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Wednesday, March 11, 2009

Creationists -- unlike Darwinists -- are unafraid of exposure to opposing views


Creationism Students Visit Smithsonian --
Each winter, Liberty University Biology Professor David DeWitt brings his Advanced Creation Studies class to the Smithsonian's Museum of Natural History.

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One of the biggest arguments raised against teaching -- or even mentioning -- criticisms of evolution theory in public schools is that such criticisms will "confuse" students and cause them to doubt evolution theory. The Darwinists are so phobic about any kind of criticism of evolution that they even pressured the Cincinnati Zoo into canceling a combo-ticket deal with the Creation Museum, even though teaching about evolution is not -- or should not be -- one of a zoo's primary missions! [1] [2] [3] However, it appears that creationists have no such fears of exposure to opposing views -- a Washington Post news article says,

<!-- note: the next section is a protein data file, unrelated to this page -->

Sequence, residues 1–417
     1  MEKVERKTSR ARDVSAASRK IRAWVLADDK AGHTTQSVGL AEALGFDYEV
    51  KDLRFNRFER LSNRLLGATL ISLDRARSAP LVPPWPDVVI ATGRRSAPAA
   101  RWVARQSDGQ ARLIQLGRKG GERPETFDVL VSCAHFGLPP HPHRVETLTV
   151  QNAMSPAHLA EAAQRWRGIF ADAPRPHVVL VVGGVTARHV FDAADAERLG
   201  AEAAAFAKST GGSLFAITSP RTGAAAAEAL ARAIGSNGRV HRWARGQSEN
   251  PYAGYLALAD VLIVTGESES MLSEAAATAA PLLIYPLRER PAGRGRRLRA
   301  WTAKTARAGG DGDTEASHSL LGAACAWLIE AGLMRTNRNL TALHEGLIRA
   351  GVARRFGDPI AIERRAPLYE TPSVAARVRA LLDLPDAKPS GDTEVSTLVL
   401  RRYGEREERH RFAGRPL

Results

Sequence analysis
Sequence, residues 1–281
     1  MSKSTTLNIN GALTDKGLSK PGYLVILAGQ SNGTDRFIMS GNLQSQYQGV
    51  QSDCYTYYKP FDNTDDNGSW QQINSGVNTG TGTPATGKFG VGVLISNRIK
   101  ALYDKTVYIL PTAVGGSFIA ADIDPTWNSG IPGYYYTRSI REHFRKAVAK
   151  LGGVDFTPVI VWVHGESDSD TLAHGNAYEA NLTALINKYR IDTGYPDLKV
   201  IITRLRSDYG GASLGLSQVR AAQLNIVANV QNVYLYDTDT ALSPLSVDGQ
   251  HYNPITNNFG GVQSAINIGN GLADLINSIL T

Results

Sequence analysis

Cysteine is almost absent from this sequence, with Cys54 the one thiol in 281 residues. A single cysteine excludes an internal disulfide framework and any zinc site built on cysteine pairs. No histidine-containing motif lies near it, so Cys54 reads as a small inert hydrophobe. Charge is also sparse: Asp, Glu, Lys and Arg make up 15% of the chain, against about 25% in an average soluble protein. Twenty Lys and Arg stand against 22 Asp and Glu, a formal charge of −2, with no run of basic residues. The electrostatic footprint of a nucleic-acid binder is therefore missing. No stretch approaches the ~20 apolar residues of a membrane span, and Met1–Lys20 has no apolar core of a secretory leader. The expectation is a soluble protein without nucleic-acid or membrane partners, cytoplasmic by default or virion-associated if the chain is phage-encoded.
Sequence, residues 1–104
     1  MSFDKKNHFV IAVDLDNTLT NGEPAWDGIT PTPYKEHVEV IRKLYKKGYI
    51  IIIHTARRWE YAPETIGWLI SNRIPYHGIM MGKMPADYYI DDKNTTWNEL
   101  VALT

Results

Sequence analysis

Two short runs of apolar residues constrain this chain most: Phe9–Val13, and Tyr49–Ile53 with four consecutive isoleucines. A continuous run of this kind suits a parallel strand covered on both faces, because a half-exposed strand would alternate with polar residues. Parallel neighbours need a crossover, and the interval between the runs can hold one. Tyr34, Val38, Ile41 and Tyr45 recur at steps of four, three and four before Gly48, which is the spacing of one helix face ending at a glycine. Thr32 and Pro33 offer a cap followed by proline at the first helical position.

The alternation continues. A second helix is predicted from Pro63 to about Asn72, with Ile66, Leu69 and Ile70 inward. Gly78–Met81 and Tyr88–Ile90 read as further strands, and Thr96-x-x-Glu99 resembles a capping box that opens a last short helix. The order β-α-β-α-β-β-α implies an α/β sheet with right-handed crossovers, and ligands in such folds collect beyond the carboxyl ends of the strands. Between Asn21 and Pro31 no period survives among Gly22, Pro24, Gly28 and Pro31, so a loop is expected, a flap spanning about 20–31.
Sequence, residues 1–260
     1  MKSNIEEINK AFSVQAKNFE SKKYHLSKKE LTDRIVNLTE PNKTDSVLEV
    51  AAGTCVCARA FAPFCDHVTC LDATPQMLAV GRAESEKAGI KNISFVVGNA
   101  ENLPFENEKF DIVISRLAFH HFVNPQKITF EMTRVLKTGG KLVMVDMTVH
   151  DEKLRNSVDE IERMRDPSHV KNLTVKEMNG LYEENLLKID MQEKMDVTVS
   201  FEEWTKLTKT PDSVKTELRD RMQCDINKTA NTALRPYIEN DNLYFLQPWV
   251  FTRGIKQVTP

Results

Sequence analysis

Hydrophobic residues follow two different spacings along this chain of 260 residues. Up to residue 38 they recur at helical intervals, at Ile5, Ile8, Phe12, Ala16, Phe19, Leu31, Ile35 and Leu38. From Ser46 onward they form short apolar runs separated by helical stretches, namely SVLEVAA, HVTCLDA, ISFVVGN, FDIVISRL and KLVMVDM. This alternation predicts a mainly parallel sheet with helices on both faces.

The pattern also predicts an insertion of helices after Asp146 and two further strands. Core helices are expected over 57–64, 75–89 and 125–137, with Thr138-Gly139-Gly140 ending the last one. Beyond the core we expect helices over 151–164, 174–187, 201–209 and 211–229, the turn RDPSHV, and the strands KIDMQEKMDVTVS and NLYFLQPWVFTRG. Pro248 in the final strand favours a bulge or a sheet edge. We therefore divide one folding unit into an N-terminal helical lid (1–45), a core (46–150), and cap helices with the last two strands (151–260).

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Every winter, David DeWitt takes his biology class to the Smithsonian's National Museum of Natural History, but for a purpose far different from that of other professors.

DeWitt brings his Advanced Creation Studies class (CRST 390, Origins) up from Liberty University in Lynchburg, Va., hoping to strengthen his students' belief in a biblical view of natural history, even in the lion's den of evolution.

His yearly visit to the Smithsonian is part of a wider movement by creationists to confront Darwinism in some of its most redoubtable secular strongholds. As scientists celebrate the 200th anniversary of Charles Darwin's birth, his doubters are taking themselves on Genesis-based tours of natural history museums, aquariums, geologic sites and even dinosaur parks.